Front men John Anderson and Ronnie Barker

The band had re-formed in 1977 for the Newcastle Festival and after that began playing regularly at the Cooperage on the Newcastle Quayside. The revived Juncos included some members of the original line up plus Kenny Barker on guitar and Neil Perry on saxophone – (Neil left the band in 1999 for health reasons and was replaced by Justin Radford). An independent single achieved national release in 1978 and caught the attention of Malcolm Gerrie who had produced the television programs The Tube, its forerunner Alright Now and also White Room. A complete episode of Alright Now was made with the Juncos and Eric Burdon, former lead singer with the Animals, who was especially flown in from Los Angeles to jam live in the studio. A singles deal with Roxy Music’s management followed but chart success was still elusive. A cameo appearance as themselves on Jimmy Nail’s drama series Spender in 1993 reminded those of us who knew the band in the sixties just how good they still were.

8 juncos3

The 5 original members plus saxophonist Justin Radford

So although the Junco Partners never reached the same heights as the Animals, they continue to perform today with the same enthusiasm and professionalism as they did back in the sixties. Perhaps the only thing missing is the youthful energy of the original Juncos but that has been replaced with a vintage quality that comes with 45 years of stage experience and playing together as a band. Long may they continue to entertain and excite audiences in the north east.

Finally, here’s a great video of the band talking about their experiences with Howlin’ Wolf and performing Smokestack Lightning.

  1. Pete Wallis

    May 29, 2011 •

    Fantastic reading this, brought back many memories. I know many people mentioned. I was the original keyboard player in the Junco Partners when we formed during 1965. I left the band to join the Gamblers who were backing Billy Fury at that time.
    I am still involved in music and earn my living playing piano/keyboards and teaching where I now live in Tampa Florida.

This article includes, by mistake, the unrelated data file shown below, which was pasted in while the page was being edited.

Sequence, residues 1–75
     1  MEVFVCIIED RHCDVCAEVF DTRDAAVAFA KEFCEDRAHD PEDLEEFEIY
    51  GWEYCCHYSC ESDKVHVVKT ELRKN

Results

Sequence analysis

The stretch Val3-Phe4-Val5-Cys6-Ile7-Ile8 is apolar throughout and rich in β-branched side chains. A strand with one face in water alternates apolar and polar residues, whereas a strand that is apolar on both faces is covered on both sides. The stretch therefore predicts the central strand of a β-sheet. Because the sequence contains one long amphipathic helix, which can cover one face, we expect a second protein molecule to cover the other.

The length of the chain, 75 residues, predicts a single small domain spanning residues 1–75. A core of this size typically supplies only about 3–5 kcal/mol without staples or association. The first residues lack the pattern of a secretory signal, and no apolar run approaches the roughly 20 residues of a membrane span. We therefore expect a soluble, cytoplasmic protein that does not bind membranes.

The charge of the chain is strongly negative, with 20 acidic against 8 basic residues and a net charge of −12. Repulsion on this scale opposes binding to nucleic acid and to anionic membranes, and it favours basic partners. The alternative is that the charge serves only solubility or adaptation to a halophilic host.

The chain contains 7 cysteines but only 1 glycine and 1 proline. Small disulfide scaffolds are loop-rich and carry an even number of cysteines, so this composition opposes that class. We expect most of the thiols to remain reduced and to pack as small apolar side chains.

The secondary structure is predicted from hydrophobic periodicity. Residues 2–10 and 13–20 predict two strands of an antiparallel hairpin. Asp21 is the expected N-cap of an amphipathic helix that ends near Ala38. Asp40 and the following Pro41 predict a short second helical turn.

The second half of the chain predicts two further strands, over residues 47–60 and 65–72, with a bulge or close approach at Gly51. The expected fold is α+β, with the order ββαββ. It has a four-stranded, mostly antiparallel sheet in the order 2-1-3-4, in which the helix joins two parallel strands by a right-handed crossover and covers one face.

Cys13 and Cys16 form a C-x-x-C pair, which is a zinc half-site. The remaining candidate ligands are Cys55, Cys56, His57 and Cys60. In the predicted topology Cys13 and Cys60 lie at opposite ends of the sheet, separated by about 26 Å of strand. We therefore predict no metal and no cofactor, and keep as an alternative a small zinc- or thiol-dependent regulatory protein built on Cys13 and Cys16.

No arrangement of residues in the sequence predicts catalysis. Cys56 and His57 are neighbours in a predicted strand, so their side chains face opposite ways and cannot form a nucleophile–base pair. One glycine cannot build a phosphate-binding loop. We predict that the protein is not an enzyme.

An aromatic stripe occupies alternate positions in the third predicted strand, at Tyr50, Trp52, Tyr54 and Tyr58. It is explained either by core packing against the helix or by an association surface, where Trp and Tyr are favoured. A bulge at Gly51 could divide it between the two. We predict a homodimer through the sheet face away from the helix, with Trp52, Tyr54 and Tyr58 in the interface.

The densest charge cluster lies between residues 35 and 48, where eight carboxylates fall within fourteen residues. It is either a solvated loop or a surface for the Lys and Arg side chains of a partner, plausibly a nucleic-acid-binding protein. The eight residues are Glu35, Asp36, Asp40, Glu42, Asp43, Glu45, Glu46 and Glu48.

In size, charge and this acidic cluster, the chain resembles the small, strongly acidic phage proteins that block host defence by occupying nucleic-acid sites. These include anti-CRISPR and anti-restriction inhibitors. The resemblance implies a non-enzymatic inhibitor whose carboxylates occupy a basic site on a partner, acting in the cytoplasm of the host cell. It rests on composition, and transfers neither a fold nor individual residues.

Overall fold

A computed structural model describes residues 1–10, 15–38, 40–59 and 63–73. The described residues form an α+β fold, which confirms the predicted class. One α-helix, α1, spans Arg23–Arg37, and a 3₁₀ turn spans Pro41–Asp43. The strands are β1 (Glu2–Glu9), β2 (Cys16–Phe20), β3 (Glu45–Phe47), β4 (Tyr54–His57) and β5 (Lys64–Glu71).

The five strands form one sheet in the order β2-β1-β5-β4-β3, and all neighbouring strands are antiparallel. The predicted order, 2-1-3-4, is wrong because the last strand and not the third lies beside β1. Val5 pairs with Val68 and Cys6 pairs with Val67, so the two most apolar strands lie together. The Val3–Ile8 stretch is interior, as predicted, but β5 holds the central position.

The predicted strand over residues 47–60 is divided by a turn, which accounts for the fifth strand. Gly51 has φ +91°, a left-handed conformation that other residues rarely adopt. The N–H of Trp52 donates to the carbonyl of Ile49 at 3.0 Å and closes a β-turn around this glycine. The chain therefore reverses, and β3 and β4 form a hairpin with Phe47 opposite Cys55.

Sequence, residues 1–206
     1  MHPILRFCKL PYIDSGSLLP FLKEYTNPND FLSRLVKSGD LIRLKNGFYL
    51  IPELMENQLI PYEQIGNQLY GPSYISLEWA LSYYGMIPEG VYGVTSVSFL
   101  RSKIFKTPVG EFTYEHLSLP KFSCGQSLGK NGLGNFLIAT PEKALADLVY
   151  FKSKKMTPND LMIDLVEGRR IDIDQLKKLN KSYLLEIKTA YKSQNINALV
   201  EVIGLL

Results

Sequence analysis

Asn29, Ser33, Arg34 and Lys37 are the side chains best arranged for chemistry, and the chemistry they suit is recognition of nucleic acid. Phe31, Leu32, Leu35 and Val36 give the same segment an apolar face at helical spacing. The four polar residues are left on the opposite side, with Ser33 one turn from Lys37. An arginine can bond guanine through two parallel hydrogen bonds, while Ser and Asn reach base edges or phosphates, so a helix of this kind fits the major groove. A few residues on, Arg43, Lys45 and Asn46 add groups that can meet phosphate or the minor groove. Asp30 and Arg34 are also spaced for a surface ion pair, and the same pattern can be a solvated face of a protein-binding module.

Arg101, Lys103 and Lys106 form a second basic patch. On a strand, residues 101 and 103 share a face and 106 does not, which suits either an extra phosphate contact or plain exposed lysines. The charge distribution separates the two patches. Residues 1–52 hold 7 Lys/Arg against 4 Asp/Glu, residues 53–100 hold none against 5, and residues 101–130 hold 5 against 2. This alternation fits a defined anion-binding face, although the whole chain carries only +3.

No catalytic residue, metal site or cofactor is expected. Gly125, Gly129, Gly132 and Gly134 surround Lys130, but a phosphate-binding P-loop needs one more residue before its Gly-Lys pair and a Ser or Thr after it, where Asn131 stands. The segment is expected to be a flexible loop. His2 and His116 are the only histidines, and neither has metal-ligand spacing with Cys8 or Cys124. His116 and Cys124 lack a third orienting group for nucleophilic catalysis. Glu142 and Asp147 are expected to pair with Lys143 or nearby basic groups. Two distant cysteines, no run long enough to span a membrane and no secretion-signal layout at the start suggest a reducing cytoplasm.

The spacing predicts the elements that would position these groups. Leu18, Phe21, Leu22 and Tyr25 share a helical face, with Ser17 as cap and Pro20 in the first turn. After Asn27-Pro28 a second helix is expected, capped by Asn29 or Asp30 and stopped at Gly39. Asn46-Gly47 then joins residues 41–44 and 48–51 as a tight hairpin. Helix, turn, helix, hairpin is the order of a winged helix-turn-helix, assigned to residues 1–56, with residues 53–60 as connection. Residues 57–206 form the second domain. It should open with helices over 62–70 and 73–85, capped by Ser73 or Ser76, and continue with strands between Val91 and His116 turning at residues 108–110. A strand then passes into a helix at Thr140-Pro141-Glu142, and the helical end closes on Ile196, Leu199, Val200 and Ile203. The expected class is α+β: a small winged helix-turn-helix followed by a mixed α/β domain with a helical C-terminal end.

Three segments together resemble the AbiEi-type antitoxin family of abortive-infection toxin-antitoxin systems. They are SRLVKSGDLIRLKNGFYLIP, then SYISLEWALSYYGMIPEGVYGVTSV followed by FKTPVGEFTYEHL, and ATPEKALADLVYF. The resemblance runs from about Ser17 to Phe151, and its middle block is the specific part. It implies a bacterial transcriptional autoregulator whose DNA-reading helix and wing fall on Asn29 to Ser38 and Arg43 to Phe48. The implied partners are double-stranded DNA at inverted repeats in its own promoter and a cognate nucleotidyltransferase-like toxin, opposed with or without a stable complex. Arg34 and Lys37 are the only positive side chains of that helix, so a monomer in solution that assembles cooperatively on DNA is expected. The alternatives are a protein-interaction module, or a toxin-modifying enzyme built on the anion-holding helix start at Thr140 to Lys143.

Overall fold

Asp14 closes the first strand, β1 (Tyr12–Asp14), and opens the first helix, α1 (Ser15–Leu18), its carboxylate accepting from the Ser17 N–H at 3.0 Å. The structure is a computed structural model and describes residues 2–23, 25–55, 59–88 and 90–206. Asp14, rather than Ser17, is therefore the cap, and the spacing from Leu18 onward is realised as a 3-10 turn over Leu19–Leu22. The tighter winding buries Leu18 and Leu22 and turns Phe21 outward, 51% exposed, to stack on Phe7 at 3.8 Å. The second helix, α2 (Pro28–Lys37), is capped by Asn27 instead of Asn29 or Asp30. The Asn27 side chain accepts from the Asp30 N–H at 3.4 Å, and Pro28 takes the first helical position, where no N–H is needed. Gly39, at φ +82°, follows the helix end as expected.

Best wishes
    Pete

    _____________________________________________________________________

  2. Ray Laidlaw

    July 11, 2011 •

    In 1966/7 the Juncos played regularly at the Vic in Whitley Bay. Me and my mate Rod Clements went to see them as many times as we could and marvelled at their power, authenticity and ability to play as a team. As drummer and bass player ourselves we were particularly impressed with the John Woods/Dave Sproat rhythm section. It was the Juncos who inspired us to keep searching till we found the right people to help us create the band we had been trying to put together. Eventually we found them and Lindisfarne was the result. Rod and I are part of a very small group of people who have had the opportunity to be replacement Junco Partners when one of the originals was indisposed, what a buzz that was.

    _____________________________________________________________________

  3. Briony Goodier

    August 5, 2011 •

    I remember Charlie Harcourt from the days when he and my brother Dale used to sit in our garage learning to play their guitars, Dale on the guitar he made in woodshop at John Marlay Technical School. Half the girls I went to Rutherford High School with drooled over Junco Partners, and we did everything we could to sneak out and go to Club A'Gogo. I left England in 69, but I still remember the "Old Newcastle". Last time I was back there, around 20 years ago, I hardly recognised the place.
    Ray ... I was lucky enough to find a Lindisfarne CD here in Canada about 4 years ago. Nearly fell over when I saw it!

  4. Norm Comerford

    September 7, 2011 •

    I remember the Juncos well, as Charlie worked at the same company as I did (Joyce Loebl). We used to talk a lot, since I had a band (Jesters) but it turned out Juncos were much better!
    I still try to follow whats going on - even though it's 45 years later and I left the UK in 69 for the US.
    I plunk around on my Telecaster, here in Atlanta, while thinking of the old Geordie band-scene! Cheers!

    _____________________________________________________________________

  5. Nigel Anderson

    September 15, 2011 •

    I came across this while doing a search on something for work, what a great article, John Anderson is my uncle (in fact we are close enough to be brothers!) I live in the midlands and have never seen the juncos live, but remember them arriving at my parents house while gigging and crashing out in our living room.
    I have all their records and lots of pictures but this article is brilliant, thank you

    _____________________________________________________________________